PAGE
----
We have a wonderful opportunity in HR to create, support and enhance the people agenda within the world of work. Sure, it’s difficult, but as a profession we don’t shy away from that.
Aside from the unhealthy obsession we seem to have in justifying our existence, we know our place within an organisation is to enable, empower, support and to do so as a trusted and critical partner.
But the thing about being a partner, is that this means being involved in a partnership. I know i’m stating the obvious, but it’s important. Because a partnership is a two-way street. Its incoming and outgoing. Its receiving and giving. Its offloading and accepting. It’s not one-directional.
The bipartite agreement needs common ground and a shared purpose but it also needs acceptance that the relationship is reciprocal.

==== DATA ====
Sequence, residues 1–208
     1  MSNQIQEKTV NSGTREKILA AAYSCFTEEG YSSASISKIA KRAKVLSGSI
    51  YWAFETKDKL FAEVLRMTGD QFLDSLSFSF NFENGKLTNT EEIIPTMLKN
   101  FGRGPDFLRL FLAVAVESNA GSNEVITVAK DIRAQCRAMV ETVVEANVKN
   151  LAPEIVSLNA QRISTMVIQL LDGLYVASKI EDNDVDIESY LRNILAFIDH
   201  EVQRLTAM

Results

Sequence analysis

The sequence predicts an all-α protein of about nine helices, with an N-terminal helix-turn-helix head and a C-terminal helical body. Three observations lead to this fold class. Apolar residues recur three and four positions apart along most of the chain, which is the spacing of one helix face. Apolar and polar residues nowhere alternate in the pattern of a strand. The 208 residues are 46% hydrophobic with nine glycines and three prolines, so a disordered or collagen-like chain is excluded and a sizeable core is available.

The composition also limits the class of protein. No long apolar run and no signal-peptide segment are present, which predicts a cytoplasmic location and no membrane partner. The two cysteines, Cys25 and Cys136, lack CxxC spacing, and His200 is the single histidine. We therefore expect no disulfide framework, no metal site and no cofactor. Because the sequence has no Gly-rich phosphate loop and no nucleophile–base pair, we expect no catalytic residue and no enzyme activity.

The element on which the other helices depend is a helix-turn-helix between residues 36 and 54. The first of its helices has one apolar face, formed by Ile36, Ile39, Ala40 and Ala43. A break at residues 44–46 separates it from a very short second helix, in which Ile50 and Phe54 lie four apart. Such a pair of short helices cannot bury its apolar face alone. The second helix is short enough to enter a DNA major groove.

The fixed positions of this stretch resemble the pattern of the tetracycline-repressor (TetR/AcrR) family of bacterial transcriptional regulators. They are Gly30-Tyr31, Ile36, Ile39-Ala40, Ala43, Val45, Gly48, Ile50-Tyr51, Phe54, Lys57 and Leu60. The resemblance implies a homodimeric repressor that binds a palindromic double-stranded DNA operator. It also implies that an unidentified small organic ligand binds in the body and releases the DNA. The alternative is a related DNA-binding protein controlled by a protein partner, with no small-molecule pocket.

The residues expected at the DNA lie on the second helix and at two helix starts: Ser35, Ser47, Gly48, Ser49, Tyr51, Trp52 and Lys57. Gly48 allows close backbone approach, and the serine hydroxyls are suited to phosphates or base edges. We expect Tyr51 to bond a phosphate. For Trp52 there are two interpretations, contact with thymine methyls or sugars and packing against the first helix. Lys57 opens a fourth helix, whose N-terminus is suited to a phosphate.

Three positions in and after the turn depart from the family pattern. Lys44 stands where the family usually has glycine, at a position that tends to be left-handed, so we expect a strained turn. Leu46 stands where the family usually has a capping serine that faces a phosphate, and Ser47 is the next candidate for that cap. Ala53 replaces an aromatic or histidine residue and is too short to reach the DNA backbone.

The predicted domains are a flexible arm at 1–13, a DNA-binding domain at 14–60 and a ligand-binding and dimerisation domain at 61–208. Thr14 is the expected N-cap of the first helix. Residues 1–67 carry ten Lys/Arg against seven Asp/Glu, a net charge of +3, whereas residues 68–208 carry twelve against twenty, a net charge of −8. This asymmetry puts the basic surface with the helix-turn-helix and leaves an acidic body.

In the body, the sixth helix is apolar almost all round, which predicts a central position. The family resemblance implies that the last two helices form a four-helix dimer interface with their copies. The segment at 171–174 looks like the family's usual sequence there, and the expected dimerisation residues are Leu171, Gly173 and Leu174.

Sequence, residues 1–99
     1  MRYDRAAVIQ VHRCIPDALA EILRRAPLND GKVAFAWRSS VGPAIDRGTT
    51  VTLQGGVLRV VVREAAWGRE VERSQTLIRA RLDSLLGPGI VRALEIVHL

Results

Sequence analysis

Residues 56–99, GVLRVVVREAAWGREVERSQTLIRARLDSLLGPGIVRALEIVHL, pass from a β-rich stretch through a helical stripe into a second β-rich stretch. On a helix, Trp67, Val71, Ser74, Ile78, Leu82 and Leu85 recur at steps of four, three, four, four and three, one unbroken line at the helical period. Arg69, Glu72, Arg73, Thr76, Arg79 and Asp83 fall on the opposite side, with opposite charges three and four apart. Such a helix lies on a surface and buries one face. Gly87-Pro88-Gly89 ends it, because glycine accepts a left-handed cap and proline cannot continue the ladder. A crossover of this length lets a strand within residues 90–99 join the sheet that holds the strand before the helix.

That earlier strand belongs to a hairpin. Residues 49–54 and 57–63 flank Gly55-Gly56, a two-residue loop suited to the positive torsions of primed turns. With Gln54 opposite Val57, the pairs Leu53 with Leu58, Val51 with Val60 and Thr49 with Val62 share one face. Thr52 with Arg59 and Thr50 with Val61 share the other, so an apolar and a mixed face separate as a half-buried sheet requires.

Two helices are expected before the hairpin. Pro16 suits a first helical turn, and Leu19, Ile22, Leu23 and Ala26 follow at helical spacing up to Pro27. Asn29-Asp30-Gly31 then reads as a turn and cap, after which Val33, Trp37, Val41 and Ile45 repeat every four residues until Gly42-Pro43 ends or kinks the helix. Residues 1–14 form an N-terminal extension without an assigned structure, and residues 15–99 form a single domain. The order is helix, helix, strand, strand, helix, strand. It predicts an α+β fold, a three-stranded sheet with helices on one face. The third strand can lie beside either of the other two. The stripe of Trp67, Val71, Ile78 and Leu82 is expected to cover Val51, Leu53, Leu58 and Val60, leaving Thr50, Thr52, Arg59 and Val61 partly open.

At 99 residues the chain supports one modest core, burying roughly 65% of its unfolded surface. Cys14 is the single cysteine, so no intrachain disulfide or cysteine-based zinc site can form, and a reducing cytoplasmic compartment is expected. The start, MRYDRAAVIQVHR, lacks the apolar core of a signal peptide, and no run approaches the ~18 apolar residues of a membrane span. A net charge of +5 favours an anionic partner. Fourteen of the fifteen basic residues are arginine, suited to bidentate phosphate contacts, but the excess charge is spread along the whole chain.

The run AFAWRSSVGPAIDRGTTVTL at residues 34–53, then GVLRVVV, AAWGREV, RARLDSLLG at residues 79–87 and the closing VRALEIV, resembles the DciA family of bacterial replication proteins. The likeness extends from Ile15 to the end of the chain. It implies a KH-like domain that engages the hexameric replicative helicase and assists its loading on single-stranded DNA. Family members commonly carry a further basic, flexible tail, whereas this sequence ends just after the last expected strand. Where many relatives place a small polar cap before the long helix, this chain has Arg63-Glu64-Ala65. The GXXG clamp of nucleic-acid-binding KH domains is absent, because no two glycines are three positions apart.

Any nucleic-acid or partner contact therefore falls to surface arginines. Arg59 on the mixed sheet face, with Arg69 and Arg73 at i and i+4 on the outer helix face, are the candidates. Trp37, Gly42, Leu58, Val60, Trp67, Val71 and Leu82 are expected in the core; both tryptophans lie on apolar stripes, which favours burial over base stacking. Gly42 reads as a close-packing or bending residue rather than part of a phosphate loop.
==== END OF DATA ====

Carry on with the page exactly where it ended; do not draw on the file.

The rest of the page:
I see HR failing sometimes because we’re too eager to impress, because of a lack of confidence in our remit or because the rules of engagement aren’t fair in terms of how HR are perceived within an organisation, and whilst this concerns me, it worries me more when I don’t see an appetite or focus on challenging this arrangement.
A partnership works best when the nature of the relationship is understood. It works when HR are able to achieve what is required, once they have obtained input and support from those they are trying to help. When they have what they require in order to be able to give. When they have given input, and not just received an instruction.
This sometimes takes bravery but it almost always just takes some confidence.
Being acquiescent in a one-way relationship is not a partnership, it is a dependency. Do you want to be a dependent, or do you want to speak up and say ‘this is what I need from you, to deliver what we both want to achieve?’